Don't Casually Dismiss Feedback On Your Social Skills
One of the bigger mistakes I've seen socially inexperienced or awkward people make is being too quick to ignore feedback on how they're coming across. For example, a guy named Andre makes a tasteless joke, and his friend tells him it's inappropriate. He casually brushes the critique aside with a "Nah, that joke was fine. I didn't mean anything bad by it." He replies so quickly that he obviously didn't even consider what was said to him. He just instantly assumed he didn't do anything wrong. It's like the possibility that he might flub part of a conversation isn't on his radar.
It's not a good idea to blithely, obliviously disregard comments that you might have made a social mistake. First, it's just possible you committed an error. No one's perfect after all. Your own judgment about whether you went wrong or not isn't necessarily accurate either. One symptom of social inexperience is that you don't have a well-calibrated sense of how you're performing. You don't have enough knowledge to be able to make that call.
Next, many people will only point out a faux pas if they think it's on the more-serious side. They'll let smaller things slide. They realize everyone makes minor gaffes from time to time, and don't think it's worth drawing attention to all of them. They also tend to give others the benefit of the doubt. If someone says something that seems a bit tactless, but it could be chalked up as an accident, they'll lean toward seeing it that way. A lot of people also shy away from confrontation, and won't want to potentially hurt someone's feelings over a little slip up.
Basically, if someone's taken the time to say you were being inappropriate, they did it for a reason. That's true even if they delivered the message in a non-forceful, non-angry way. As I just said, many people don't like confronting others or making a scene, so even if they think you did something wrong, they may still try to tell you in a polite, nonchalant, or joking tone.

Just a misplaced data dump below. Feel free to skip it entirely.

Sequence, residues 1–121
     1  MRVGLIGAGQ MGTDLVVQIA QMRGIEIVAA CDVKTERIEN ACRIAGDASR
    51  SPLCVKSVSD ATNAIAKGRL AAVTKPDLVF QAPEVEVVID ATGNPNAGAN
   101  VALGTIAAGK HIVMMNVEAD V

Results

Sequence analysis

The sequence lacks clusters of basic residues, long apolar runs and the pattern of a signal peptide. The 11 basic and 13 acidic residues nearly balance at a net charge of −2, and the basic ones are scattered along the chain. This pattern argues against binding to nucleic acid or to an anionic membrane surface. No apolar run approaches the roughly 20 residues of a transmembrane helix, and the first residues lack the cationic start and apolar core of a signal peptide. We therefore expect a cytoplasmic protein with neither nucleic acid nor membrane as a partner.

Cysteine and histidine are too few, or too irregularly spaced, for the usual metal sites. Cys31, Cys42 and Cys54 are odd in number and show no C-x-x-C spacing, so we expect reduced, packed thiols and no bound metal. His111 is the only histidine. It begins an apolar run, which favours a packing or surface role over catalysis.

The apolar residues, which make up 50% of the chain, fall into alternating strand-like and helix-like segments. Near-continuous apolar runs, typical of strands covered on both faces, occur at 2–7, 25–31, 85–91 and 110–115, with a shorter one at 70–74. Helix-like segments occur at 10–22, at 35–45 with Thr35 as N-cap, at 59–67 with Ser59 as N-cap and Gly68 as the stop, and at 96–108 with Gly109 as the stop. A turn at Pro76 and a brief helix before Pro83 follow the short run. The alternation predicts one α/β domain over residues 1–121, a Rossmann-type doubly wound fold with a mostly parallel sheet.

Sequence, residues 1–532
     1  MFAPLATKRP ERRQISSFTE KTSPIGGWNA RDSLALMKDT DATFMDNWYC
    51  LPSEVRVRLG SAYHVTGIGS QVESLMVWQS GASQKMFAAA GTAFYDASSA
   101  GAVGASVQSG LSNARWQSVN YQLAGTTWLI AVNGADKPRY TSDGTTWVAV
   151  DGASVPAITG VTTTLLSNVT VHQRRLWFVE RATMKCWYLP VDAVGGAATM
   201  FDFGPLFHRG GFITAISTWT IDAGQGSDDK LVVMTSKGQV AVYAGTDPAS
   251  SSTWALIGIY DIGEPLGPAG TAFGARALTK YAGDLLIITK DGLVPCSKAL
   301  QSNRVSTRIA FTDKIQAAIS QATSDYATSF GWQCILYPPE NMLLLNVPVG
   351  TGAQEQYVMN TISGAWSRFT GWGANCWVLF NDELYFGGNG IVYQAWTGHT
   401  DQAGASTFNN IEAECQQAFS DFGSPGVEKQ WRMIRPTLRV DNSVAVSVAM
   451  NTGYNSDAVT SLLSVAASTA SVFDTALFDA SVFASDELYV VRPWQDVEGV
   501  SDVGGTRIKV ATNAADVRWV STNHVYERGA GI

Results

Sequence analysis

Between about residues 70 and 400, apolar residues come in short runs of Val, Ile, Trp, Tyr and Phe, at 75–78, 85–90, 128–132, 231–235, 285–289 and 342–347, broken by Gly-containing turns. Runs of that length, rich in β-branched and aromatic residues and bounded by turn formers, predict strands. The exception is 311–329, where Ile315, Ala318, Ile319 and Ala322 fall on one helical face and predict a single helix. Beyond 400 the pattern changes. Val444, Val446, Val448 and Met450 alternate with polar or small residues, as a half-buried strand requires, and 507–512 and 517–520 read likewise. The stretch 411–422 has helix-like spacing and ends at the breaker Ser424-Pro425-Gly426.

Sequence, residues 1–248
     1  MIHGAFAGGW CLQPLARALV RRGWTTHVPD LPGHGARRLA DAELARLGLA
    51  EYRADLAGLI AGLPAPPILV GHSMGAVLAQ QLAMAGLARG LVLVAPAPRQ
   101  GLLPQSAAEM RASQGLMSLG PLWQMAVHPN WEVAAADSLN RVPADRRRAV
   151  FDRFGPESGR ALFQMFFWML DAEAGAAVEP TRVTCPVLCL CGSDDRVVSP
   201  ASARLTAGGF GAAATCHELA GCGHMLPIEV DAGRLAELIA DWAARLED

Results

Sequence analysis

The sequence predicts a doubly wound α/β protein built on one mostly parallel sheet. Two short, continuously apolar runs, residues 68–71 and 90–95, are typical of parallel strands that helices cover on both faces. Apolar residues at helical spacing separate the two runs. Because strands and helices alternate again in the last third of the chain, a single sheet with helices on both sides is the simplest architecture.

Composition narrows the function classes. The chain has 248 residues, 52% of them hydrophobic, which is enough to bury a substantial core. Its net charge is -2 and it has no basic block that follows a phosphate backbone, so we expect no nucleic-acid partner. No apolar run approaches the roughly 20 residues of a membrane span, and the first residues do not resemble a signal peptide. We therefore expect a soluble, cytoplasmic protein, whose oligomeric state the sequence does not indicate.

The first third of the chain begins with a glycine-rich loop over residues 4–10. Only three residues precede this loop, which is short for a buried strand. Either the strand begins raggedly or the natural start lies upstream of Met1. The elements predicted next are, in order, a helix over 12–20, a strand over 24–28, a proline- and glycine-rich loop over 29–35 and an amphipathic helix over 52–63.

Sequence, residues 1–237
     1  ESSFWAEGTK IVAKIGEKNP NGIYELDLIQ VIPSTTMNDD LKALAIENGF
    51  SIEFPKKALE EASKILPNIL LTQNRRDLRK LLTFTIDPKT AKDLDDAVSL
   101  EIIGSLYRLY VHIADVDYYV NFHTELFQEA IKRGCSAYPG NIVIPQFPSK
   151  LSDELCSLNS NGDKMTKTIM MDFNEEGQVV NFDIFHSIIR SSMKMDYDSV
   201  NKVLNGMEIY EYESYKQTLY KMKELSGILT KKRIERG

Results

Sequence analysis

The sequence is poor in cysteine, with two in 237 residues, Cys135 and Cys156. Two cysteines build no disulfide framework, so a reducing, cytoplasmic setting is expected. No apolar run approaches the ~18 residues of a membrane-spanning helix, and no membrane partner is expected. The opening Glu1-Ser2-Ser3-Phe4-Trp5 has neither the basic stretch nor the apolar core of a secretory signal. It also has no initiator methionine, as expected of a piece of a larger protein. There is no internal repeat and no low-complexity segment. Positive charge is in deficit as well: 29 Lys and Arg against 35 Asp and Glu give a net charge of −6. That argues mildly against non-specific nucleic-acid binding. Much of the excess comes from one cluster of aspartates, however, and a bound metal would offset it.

If you get this kind of feedback, it's not necessarily that you made a terrible mistake, or that you're an irredeemable, horrible person, or that no one will ever want to hang out with you again. It's just that you did one thing that other people felt was worth pushing back against. All I'm asking is that you take some time to reflect on what they said, rather than instantly dismissing it. Override your first instinct to tell yourself, "I didn't mean it like that" or "Ah, they're just overreacting."
Like say you comment on a friend's new haircut and they reply, "Ha ha, wow, that's a tad mean-spirited!" They didn't say that out of the blue. Think about the remark you made. Maybe you'll conclude you genuinely said nothing wrong, and your friend is being too sensitive. That's fine. Not all feedback is going to be right. But at least you gave it some thought. Or maybe you'll realize your comment had a passive-aggressive edge to it. And maybe you'll dig even deeper and admit to yourself you have a bad habit of taking little jabs at people's appearances, because you're insecure about your own looks. Again, that doesn't mean you're a 100% awful person, but you have identified a part of yourself to work on. The more open you are to feedback about the social skills, the quicker you'll be able to spot and smooth out your rough edges.